A Duality of Dust

Two lines of light — one the arm of our Milky Way and the other zodiacal light — rise parallel to each other from the horizon above U.S. National Science Foundation Cerro Tololo Inter-American Observatory (CTIO) in this Image of the Week. CTIO is a Program of NSF NOIRLab situated in the high, dry environment of the remote mountain of Chile, where sensitive equipment can capture the subtleties of light in our night sky.

Between the DIMM1 Seeing Monitor and decommissioned CHilean Automatic Supernova sEarch (CHASE) is one arm of our galaxy. Its glow, formed by unresolved stars and other material, is obscured here and there by dark patches, made up of vast amounts of dust and gas. To the right of the Milky Way is the faint glow of zodiacal light, sunlight that is being scattered by interplanetary dust left over from the formation of our Solar System. This line outlines the ecliptic, the orbital plane traversed by the planets in our Solar System, since most of this dust resides along this plane. The plane is clearly delineated by the planets ‘inside’ the zodiacal light: skyward from the horizon are Jupiter, Venus, Mars, and Saturn.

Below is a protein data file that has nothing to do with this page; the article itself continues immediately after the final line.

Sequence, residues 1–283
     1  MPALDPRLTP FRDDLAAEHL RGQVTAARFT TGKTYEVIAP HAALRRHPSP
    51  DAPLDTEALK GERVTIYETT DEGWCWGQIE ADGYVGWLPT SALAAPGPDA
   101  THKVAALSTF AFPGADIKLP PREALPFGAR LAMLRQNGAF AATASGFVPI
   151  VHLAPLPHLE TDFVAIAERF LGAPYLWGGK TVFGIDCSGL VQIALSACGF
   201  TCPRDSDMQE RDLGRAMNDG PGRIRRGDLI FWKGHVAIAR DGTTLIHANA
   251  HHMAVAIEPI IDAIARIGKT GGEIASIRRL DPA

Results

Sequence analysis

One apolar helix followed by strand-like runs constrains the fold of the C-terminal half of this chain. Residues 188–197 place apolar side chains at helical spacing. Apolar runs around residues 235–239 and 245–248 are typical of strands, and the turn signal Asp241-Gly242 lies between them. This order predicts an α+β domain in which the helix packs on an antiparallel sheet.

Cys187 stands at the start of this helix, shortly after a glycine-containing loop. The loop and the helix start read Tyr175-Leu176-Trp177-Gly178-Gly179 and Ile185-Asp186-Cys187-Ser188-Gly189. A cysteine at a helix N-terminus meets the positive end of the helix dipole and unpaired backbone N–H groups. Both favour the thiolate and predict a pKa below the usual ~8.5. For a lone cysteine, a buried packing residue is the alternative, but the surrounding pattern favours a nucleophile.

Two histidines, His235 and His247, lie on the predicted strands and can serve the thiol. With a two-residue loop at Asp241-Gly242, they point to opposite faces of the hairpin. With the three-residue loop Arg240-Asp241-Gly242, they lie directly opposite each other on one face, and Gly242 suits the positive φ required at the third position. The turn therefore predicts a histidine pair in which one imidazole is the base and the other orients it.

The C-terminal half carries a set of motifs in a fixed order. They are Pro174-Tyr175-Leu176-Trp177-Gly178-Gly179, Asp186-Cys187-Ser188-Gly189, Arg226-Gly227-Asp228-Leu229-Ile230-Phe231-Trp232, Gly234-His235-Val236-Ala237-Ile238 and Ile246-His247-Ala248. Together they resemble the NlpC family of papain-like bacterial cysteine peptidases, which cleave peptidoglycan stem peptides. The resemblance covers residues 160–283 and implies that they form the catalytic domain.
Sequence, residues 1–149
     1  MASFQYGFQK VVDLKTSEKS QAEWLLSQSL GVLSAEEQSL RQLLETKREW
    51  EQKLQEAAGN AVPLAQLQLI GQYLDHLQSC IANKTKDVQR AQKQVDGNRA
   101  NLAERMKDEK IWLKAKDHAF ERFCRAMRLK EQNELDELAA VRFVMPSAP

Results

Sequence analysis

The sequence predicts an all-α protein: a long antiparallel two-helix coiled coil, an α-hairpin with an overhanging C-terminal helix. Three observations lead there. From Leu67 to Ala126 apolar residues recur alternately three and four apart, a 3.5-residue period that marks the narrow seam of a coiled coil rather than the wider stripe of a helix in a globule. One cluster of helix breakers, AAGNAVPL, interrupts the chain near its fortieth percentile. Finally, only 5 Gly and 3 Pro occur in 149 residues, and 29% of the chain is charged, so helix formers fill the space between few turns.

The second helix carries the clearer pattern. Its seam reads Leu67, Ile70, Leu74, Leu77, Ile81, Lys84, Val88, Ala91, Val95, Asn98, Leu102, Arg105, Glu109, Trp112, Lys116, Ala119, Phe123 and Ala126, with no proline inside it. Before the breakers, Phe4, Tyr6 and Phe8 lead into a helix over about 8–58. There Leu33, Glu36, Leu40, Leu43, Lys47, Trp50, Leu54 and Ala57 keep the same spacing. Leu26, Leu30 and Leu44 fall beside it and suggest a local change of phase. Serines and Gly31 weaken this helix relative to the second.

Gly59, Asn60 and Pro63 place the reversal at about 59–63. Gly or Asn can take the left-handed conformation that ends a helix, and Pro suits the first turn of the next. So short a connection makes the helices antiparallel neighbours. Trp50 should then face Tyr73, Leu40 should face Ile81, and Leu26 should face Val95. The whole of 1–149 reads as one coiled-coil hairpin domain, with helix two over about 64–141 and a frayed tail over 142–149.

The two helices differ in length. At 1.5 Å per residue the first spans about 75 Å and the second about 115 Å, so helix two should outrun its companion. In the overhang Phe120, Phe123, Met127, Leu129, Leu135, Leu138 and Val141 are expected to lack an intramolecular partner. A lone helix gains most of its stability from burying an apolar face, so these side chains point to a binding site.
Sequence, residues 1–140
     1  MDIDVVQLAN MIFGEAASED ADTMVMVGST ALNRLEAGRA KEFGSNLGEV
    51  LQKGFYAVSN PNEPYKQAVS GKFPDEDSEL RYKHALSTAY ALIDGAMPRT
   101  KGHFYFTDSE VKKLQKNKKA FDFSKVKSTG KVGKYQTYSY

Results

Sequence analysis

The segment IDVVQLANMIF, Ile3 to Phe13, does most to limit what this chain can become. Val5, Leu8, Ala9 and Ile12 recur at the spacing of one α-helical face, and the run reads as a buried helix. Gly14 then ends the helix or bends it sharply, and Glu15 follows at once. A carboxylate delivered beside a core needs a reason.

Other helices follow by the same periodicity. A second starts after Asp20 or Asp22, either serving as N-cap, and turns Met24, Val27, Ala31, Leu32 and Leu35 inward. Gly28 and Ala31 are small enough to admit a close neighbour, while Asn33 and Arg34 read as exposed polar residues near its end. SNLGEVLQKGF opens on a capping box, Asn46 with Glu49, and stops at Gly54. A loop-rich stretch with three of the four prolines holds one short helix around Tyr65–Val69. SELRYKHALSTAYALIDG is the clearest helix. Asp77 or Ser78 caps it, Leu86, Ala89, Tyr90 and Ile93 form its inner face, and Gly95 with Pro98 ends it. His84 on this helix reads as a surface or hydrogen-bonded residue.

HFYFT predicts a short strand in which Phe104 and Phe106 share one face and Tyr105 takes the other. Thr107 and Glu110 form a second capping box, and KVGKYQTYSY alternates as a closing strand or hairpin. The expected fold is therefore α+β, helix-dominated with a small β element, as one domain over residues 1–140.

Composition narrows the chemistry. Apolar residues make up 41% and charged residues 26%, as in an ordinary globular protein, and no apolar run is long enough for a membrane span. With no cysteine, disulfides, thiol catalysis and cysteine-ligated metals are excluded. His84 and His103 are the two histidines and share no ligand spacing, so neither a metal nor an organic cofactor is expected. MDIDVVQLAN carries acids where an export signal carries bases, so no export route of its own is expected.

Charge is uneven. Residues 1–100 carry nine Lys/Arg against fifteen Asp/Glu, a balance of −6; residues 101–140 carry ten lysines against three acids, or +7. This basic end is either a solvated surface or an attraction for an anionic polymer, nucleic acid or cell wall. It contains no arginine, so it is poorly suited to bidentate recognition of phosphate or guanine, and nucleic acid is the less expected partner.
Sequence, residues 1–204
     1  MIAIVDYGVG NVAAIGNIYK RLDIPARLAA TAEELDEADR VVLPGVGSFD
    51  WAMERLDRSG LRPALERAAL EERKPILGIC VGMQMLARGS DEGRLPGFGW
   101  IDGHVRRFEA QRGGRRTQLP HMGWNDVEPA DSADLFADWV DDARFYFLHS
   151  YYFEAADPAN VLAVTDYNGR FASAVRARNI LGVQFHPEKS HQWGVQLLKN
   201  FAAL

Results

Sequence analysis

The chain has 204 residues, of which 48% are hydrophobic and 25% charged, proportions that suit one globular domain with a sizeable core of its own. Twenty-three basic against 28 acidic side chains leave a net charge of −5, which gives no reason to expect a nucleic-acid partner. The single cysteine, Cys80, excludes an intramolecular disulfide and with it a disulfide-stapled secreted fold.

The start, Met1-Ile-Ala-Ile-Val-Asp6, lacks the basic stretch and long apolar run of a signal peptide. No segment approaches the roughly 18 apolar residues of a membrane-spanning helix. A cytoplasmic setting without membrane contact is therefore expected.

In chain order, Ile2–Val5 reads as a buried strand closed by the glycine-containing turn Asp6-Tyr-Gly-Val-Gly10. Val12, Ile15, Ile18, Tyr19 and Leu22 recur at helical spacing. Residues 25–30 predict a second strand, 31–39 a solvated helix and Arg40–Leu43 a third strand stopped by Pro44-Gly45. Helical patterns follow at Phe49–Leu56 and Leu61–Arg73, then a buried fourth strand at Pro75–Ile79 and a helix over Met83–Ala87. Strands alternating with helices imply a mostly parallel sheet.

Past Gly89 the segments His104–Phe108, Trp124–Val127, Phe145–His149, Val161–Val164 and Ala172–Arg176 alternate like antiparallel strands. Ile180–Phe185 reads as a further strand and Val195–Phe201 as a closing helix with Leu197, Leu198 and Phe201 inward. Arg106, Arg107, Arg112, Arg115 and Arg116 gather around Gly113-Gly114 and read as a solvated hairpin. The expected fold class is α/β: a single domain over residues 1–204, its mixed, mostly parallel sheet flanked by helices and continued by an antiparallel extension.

Other telescopes featured in this image are (left to right) the US Naval Observatory Deep South Telescope, DIMM2 Seeing Monitor, aTmCam (Atmospheric Transmission Monitoring Camera), and SMARTS 1.0 meter telescope.

This photo was taken as part of the recent NOIRLab 2022 Photo Expedition to all the NOIRLab sites. Tomáš Slovinský, the photographer, is a NOIRLab Audiovisual Ambassador.



About the Image

Release date:April 3, 2024, noon
Size:13000 x 6321 px

About the Object

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